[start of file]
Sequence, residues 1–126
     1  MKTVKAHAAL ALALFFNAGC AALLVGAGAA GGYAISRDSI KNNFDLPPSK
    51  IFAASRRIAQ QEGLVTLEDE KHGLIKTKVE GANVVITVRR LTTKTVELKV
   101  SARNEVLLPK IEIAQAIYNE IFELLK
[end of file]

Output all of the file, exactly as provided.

Sequence, residues 1–126
     1  MKTVKAHAAL ALALFFNAGC AALLVGAGAA GGYAISRDSI KNNFDLPPSK
    51  IFAASRRIAQ QEGLVTLEDE KHGLIKTKVE GANVVITVRR LTTKTVELKV
   101  SARNEVLLPK IEIAQAIYNE IFELLK